The Associated Press
Somewhere in the southwest of England is a sprawling stone estate nestled along hedge-lined lanes that you can rent, complete with wood fireplaces, low oak beams, an apple tree in the yard, and a room for a baby grand piano. But the listing on Airbnb, Vrbo, or Booking.com might not mention one small complication: It comes with a naked dude in the yard.
This is where Alex Garland’s sophisticated horror film “Men” is set. All the action takes place in and around this estate, a countryside both sublimely beautiful and yet also grimy and filthy. What Garland is exploring is nature — but not nature itself. He’s after the nature of man. Not Man, but the base, sickening mankind that has proved toxic of late but has always been.
Into this 500-year estate comes Harper, a young widow from London who hasn’t really processed the final moments of her marriage. She’s played by rising star Jessie Buckley, pitch-perfect in every scene, alternating anger, fear, boldness, and timidity. Her Harper has booked a nice few days to unwind far away in the countryside, in nature. But she keeps coming across the nature of man.
Over 100 minutes, Harper will encounter many men — a vicar, a policeman, the house owner, the unclothed man in the yard, and even a 9-year-old boy, among them — who are needy, vain, misogynistic, morally bankrupt, and unkind. They all find some reason to blame Harper for something, the burden of so many women. Part of the film’s attraction is that all the males are played by Rory Kinnear, a shapeshifter of the highest order. But the effect is pulled to ridiculous lengths by projecting his face on the 9-year-old’s body, undercutting the whole contrivance.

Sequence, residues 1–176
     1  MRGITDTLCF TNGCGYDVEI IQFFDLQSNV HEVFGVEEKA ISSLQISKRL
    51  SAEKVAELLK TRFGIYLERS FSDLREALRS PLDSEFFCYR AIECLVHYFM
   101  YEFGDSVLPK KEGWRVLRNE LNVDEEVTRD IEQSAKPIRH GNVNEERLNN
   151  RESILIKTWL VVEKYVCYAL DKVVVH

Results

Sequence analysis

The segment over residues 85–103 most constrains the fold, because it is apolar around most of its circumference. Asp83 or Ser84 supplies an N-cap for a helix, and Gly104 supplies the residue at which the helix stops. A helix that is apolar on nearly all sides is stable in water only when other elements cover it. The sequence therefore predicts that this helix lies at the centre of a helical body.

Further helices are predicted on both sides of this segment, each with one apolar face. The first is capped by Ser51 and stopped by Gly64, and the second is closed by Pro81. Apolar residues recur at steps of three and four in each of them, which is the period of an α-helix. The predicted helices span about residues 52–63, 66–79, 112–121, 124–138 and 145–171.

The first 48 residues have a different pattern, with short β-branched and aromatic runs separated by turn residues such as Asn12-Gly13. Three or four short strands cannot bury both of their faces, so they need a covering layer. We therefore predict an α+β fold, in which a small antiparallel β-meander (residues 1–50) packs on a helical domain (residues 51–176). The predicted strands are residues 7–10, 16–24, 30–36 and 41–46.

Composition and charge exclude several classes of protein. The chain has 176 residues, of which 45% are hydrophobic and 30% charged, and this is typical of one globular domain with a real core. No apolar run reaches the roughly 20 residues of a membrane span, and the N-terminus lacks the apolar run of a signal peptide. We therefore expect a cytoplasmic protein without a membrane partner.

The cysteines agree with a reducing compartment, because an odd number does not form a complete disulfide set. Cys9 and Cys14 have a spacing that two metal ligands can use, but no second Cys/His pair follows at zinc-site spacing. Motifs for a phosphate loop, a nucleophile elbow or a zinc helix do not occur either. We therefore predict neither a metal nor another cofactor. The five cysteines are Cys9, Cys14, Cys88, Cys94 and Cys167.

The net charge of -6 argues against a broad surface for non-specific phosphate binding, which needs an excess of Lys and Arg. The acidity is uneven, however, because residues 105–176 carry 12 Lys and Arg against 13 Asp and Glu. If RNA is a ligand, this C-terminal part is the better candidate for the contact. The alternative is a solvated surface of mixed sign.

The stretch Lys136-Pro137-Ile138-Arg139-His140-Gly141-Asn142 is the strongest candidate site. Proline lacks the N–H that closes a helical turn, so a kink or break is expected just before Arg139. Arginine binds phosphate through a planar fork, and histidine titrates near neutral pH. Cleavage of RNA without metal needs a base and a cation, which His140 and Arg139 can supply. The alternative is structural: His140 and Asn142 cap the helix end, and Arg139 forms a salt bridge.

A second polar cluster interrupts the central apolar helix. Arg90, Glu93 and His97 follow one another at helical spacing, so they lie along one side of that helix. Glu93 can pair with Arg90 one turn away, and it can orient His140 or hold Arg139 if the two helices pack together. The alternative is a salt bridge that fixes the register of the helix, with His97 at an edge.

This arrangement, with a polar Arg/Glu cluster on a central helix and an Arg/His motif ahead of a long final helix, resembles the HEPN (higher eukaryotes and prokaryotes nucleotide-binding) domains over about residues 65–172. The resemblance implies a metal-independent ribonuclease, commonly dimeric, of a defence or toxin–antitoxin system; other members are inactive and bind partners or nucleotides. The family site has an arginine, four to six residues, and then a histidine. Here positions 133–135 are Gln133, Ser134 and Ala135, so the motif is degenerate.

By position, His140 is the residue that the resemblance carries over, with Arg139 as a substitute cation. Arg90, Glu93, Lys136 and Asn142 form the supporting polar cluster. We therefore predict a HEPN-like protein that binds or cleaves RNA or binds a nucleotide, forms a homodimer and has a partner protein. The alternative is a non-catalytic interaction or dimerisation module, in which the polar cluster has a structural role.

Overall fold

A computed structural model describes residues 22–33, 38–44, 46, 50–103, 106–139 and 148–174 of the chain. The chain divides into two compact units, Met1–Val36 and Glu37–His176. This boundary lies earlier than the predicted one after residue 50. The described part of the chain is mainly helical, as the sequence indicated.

The problem with “Men” isn’t with the acting. It’s with a script that could be described as attempting at something like arty horror and can’t stick the landing. Often it is tedious, slow to build, and pretentious. Garland has proved masterful in sci-fi with “Ex Machina” and the criminally underappreciated series “Devs,” but here with ancient myths, thick forests, figurative stone carvings, and heavy symbolism, he’s lost his way. Often, it is clumsy, like his riff of Eden. After Harper innocently eats an apple on the estate’s front yard, she is reproached by the owner and we can see the future: Men being nasty. “I didn’t come here to be afraid,” she says, but this is the hand she’s dealt.
This is a film pregnant with Big Ideas, where the visuals and music and dialogue are all heightened to an overthought level. Harper goes into a tunnel in the woods and happily creates vocal echoes — until she is thwarted by a sinister male figure. The tunnel equals uterus, we suspect. But we need more. And the film’s horrific end sequence, which shows a female-less reproduction of a sequence of men giving birth to a line of bloody, unhappy men, feels too much, like a cinematic lecture about masculinity with special effects. At one point, Harper calls the police and the dispatcher could represent all of us when she asks: “Explain what’s happening, please.”
Director of photography Rob Hardy, a longtime Garland collaborator, is a master at stillness and signals, capturing the beauty of a forest in one moment for its wildflowers, rain droplets in a puddle or a slo-mo dandelion in the wind, but also its terror and muck. Yet his work is so heavy with allegory and meaning that it gets numbing.
At its heart, “Men” has some interesting things to say, about grief and loss and guilt. Harper, who had a terrible fight before she lost her husband, has an unthinkable recovery ahead. But her trip to the countryside has led to a dead deer corpse with specific but opaque meaning, some W.B. Yeats quotes thrown in there and a clown car full of nasty men, one naked. Reviewing this Airbnb offering is never going to end up with it getting five stars.
“Men,” an A24 release, is rated R for “disturbing and violent content, graphic nudity, grisly images, and language.” Running time: 100 minutes. One and a half stars out of four.